With news of health care restructuring and hospital mergers foremost in the thinking of many provincial governments, it is high time for a closer examination of the whole issue of conscience legislation.

At present, health care workers who have moral or religious objections to procedures such as abortion, medical experimentation or treatment withdrawal, have little recourse in law. Several groups, including Campaign Life Coalition, have been lobbying governments to come up with legislation to address this pressing need.
This is why we are encouraged by a motion introduced in the Canadian Senate which would protect health workers against coercion when dealing with procedures posing “avoidable risks” to human life.
Bill S-7, introduced by pro-life Senator Stanley Haidasz, would allow health care workers to opt out of practices to which they have a legitimate conscientious objection.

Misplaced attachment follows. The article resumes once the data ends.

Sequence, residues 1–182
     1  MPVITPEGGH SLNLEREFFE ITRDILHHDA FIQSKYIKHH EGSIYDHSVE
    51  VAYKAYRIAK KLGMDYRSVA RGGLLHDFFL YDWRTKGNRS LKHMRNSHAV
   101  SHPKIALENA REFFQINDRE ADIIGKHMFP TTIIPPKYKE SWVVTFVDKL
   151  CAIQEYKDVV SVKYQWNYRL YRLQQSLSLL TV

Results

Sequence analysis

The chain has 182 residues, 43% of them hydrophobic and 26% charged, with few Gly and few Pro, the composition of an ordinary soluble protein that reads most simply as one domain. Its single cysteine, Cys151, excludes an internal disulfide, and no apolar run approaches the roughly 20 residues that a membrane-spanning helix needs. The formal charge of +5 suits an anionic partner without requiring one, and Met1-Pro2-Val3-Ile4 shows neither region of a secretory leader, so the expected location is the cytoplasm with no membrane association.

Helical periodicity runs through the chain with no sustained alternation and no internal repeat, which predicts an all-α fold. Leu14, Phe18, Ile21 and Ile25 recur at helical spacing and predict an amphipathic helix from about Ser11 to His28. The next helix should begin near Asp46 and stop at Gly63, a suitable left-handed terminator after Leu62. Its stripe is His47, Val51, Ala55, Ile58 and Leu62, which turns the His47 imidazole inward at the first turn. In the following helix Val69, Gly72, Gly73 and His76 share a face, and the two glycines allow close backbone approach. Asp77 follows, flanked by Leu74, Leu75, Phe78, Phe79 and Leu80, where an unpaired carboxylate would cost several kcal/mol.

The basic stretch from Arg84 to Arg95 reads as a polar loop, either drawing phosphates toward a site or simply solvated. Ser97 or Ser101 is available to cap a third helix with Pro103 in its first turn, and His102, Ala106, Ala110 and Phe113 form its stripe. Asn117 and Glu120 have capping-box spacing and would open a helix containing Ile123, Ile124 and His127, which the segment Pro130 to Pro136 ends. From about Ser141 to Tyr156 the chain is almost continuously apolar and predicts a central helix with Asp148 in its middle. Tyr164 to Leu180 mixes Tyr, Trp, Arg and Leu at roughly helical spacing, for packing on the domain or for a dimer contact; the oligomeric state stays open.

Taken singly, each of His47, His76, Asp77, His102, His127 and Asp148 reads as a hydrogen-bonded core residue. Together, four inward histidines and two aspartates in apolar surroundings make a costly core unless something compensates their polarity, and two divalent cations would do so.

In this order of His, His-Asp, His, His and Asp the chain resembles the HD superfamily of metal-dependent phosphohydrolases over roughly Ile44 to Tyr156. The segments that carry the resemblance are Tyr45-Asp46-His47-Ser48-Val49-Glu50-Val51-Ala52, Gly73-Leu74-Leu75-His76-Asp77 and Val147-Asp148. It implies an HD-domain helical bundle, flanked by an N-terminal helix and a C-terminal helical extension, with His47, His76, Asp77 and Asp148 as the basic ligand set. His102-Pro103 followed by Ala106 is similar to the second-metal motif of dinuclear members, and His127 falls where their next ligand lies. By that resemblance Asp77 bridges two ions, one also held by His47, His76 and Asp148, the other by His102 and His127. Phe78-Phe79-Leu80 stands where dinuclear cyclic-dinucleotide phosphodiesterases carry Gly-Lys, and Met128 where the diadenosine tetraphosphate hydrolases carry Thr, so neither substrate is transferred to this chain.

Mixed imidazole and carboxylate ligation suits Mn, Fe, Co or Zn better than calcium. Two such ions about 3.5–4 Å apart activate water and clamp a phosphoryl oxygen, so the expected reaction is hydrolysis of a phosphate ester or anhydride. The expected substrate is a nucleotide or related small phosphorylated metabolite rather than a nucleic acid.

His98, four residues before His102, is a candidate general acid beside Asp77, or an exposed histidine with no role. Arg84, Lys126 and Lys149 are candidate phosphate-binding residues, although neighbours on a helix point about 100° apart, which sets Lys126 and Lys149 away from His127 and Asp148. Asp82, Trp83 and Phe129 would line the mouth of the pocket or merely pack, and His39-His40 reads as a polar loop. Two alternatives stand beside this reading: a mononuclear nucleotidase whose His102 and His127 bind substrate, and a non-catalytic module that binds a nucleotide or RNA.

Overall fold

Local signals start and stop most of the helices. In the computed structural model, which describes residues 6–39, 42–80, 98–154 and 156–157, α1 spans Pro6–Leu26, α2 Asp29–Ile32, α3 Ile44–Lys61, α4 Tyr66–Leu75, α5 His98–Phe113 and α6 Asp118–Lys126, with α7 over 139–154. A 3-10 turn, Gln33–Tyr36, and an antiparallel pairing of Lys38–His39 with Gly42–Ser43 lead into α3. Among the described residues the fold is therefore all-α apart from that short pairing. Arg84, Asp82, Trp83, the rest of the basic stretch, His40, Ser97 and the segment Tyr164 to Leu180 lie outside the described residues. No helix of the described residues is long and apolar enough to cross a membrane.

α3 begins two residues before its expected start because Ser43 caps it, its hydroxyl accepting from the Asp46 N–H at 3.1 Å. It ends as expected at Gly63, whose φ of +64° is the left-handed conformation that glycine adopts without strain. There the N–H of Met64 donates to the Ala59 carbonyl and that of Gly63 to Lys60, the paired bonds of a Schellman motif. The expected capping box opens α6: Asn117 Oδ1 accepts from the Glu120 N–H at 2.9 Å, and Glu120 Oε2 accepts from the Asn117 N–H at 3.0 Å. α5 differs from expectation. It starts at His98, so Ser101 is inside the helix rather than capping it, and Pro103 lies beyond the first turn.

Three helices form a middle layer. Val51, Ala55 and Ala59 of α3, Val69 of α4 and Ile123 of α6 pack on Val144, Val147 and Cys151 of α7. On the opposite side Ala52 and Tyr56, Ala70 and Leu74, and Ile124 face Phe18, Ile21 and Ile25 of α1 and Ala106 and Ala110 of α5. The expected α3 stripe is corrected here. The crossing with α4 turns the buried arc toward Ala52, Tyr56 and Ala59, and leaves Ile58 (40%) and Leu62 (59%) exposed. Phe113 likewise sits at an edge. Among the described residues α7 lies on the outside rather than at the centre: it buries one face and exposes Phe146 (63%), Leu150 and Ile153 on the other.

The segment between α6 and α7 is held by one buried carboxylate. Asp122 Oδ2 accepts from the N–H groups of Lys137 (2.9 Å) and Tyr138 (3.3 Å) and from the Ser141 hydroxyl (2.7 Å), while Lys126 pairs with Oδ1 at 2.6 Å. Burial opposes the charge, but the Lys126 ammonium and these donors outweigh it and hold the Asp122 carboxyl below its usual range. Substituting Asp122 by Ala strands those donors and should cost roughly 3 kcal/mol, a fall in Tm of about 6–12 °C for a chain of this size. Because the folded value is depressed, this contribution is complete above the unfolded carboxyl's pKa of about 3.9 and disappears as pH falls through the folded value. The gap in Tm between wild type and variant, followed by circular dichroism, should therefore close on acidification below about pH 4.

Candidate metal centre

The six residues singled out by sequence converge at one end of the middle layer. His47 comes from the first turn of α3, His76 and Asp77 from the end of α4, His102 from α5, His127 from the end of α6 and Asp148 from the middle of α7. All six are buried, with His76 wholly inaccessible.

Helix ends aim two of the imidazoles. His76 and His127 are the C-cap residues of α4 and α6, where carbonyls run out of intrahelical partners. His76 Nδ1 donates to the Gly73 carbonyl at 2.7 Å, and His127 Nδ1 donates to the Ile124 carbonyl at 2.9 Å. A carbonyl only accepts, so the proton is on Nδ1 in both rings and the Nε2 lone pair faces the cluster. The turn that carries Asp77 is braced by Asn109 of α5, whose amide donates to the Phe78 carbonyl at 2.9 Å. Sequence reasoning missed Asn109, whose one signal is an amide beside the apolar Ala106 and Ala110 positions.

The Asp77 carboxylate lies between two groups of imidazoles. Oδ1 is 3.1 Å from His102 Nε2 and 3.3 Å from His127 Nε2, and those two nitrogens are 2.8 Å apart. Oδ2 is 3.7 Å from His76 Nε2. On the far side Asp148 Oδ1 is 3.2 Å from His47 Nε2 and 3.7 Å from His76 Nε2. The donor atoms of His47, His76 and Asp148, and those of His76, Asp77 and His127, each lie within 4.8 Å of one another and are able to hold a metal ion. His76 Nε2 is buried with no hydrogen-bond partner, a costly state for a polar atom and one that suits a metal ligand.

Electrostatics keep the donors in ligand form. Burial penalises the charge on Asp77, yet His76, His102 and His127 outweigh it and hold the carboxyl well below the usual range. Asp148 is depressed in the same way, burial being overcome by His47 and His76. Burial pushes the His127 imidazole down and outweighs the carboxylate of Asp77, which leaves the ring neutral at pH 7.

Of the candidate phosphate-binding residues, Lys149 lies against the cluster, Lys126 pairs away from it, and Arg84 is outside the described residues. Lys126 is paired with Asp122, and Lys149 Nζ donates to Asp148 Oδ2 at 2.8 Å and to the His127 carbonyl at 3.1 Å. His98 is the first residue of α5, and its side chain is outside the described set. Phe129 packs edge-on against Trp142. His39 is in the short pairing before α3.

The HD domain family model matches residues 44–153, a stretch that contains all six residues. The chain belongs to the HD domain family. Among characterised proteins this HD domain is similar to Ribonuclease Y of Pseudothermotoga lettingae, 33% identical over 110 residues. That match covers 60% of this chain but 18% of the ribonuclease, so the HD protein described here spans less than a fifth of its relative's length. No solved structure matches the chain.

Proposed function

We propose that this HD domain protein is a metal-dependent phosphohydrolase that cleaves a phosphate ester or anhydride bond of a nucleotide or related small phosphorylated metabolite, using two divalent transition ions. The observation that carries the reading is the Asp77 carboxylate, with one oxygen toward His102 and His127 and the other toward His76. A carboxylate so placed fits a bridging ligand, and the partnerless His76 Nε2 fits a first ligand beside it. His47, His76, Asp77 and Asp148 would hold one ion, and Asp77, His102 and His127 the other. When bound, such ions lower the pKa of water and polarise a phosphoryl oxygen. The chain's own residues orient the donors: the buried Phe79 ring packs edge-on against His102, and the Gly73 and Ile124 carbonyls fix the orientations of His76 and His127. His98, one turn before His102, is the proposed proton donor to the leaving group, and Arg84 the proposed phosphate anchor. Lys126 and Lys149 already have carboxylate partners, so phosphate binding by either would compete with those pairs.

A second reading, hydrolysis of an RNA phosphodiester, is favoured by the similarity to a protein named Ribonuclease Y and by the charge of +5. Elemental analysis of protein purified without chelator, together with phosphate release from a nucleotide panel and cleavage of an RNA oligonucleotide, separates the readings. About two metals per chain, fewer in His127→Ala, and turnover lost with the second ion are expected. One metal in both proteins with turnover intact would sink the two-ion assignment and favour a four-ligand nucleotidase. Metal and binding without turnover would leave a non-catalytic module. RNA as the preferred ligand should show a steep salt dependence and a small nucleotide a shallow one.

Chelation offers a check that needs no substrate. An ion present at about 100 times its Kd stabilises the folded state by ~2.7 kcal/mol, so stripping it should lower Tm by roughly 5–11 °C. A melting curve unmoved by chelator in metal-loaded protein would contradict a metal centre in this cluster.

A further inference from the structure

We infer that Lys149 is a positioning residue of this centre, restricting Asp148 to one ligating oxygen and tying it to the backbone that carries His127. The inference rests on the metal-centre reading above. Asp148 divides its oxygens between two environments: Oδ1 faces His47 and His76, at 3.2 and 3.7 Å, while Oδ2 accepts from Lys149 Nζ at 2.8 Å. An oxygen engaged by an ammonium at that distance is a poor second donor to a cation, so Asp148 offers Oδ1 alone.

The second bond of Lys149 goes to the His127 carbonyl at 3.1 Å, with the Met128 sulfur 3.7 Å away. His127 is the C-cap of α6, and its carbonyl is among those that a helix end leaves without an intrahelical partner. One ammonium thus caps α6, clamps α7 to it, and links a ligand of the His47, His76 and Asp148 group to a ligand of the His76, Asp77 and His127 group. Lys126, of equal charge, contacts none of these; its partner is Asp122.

Such legislation would be especially welcomed by pro-life nurses who, due to the consolidation of many hospital obstetrical wards, find themselves called on to participate in abortion procedures. Such a case recently took place in Thunder Bay, Ontario.
As one commentator noted, “as the range of medical technologies continues to expand, the number of medical services involving potentially serious conflicts of conscience is certain to increase.”
It’s time to reemdy this delicate situation.